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the preceding period of the literal Babylon. We well know trumpets, the sensible effect of how that was taken by the kings God's judgments was the in- of Media and Persia, whose crease of the various kinds of countries lay east of her, who superstition and idolatry in the therefore, in relation to her, degenerate and apostate church; were literally “the kings of the as appears from chap. ix. But east.” The waters of the Euunder the latter vials, the effect pbrates, which ran through that of God's judgments is the in- city, and were the means of her crease of infidelity, and a conse- wealth and defence, were dried quent dissipation of morals. up, or diverted from their old “Men blaspheme the God of channel, so that the besieging arheaven, and repent not of their my entered and took it almost deeds." The rapid increase, without resistance. That Babe extensive spread, and undisguis- ylon should be taken in this ed arowal of infidelity in all manner was expressly foretold parts of the Christian world, not by Jeremiah. “A sword is upexcepting our

favoured on the inhabitants of Babylon, country, strongly mark the pe- a drought is upon her waters, riod, in which we live. At least, and they shall be dried up. I they show that one or other of will dry ap her sca; and make the latter vials is now running. her springs dry, and Babylon The circumstances and events shall become heaps." of the times will most naturally By “the kings of the east" point us to the sixth. This we we are to understand, not literalwill endeavour to explain, and ly kings, whose territories lie will inquire, whether events do east of Rome, the inystical Babynot correspond with it.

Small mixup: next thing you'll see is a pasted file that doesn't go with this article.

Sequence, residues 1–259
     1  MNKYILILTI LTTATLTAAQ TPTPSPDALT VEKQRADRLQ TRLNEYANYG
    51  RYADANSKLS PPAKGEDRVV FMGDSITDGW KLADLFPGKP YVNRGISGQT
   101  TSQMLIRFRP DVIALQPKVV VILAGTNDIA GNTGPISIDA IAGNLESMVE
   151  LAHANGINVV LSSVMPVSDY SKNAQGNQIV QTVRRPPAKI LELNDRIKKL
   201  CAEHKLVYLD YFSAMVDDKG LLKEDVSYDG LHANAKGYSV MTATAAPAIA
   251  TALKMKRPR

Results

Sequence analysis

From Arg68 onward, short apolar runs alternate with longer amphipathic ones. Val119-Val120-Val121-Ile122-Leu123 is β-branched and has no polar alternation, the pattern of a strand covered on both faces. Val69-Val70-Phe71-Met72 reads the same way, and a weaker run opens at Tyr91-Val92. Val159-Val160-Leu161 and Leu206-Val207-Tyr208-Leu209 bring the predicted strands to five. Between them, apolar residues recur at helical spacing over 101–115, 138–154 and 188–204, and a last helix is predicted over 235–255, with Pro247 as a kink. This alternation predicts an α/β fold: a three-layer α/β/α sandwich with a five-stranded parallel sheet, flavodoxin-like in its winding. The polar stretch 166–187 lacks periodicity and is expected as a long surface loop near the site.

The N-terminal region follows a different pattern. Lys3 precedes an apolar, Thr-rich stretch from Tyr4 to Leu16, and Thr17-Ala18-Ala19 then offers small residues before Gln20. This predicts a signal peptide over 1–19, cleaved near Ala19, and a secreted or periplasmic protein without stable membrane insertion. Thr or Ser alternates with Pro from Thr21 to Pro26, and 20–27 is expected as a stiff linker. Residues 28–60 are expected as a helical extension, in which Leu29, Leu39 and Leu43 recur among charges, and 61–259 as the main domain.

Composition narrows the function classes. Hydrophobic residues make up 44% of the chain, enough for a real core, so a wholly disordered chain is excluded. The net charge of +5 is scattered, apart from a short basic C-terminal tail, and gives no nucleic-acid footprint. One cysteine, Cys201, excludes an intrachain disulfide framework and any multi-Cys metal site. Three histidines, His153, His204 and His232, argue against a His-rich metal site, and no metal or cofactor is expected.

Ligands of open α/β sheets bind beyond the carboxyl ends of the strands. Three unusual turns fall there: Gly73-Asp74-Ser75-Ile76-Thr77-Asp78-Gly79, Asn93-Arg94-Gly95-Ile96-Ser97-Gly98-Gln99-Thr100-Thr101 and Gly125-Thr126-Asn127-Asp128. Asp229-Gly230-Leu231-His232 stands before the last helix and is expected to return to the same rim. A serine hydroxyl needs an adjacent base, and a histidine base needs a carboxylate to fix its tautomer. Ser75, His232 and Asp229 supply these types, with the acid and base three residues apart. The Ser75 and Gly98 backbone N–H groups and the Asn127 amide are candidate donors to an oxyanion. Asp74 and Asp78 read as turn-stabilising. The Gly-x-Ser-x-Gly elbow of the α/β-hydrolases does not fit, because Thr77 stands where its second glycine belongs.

lon, but her enemies in general. “ The sixth angel poured out By “ Euphrates," we are to unhis vial upon the great river EQ- derstand, not the river so called, phrates, and the water thereof nor any other remarkable water, was dried up, that the way of the but any sources of riches and kings of the east might be pre- strength, which have rendered pared."

her formidable ; and any impedWe are to interpret this vial iments, which, in time past, have according to the analogy of the restrained her enemies from inprophetic part of the book, which vading her, or have prevented is wholly figurative, and borrows their success. Who are the enits language and allusions from emies, that shall finally destroy the Old Testament.